The Foursquare Church in the Philippines was poised for greater growth, though not as phenomenal as that of early years. One more Bible school was opened with three of the six schools engaging in active extension programs, taking training opportunities to population centers. Soon the care and welfare of workers were addressed by the denomination, giving birth to the Workers Benevolent Fund that has benefited its members in numerous ways, realizing that the cutting edge of the movement has been evangelism and church planting, church growth strategies and programs were instituted. New districts were created by dividing the existing ones and spreading leadership. As of December 1998, there were 1200 Foursquare churches nationwide manned by 2000 credentialed ministers. The latest church growth program, Harvest Plan 2002 foresees that number topping 1350 by the end of this year. At present, there are 14 missionary units serving in Thailand, Hongkong, Papua New Guinea and Spain. The denomination also maintains a limited but active presence among some of the Muslims in Mindanao, and among several tribal groups in different regions of the Philippines.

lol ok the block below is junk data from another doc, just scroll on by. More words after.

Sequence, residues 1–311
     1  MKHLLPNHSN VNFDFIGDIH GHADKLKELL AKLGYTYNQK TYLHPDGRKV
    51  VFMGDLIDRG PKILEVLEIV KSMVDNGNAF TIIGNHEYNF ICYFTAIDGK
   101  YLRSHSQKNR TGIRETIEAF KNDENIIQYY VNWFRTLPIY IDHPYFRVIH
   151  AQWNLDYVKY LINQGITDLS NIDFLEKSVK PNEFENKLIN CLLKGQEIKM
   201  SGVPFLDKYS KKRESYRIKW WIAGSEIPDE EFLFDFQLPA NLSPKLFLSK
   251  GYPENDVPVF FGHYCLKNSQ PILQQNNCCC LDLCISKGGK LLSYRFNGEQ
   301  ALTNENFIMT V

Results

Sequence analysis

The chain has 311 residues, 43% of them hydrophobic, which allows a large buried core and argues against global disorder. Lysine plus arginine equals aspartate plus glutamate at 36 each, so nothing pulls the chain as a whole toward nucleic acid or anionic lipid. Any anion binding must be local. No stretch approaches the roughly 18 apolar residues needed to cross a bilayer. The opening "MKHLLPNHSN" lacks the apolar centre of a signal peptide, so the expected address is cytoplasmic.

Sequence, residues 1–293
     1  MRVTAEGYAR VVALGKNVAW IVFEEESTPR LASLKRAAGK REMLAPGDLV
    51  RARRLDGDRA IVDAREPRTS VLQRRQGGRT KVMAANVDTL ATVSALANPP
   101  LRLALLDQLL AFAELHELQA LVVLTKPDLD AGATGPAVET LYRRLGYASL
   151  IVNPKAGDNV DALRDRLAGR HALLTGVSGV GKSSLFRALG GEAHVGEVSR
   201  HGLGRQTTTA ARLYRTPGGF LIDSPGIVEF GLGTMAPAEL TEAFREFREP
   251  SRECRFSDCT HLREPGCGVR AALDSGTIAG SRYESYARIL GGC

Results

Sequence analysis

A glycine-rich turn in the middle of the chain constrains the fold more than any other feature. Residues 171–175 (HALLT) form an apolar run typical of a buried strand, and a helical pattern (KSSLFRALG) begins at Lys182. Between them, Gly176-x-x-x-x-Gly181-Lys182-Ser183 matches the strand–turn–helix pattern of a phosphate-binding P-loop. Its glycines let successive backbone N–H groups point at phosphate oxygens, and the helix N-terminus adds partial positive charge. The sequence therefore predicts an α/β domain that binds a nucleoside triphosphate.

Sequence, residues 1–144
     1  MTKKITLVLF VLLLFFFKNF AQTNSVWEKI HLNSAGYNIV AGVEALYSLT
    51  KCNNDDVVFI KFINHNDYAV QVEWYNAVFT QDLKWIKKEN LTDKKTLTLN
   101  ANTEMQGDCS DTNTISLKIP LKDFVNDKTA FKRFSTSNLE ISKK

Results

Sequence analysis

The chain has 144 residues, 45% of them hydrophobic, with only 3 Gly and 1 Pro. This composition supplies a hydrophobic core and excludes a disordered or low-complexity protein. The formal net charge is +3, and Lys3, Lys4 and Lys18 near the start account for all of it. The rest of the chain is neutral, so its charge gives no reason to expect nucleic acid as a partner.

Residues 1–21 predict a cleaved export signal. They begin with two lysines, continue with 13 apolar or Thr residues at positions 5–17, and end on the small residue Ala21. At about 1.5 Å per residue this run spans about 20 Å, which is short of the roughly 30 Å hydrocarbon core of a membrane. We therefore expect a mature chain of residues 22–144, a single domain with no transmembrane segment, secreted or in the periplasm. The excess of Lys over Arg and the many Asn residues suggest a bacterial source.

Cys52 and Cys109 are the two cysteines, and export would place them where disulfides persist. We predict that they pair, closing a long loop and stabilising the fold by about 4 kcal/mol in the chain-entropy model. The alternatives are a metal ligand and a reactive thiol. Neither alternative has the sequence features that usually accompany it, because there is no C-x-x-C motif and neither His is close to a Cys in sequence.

As the Church of the Foursquare Gospel in the Philippines celebrated its Golden Jubilee, there was much to thank God for. Convening its delegates and friends at the University of the Philippines and at the Araneta Coliseum on April 14-18, the denomination rose up as one with the theme, "Gintong Alay sa Maykapal... Isang Pagdiriwang." Led by its then president, Dr. Felipe S. Ferrez Jr., and graced by the then International President of the Foursquare Church, Paul C. Risser, the occasion served to highlight the great advances of the past and tremendous opportunities of the future.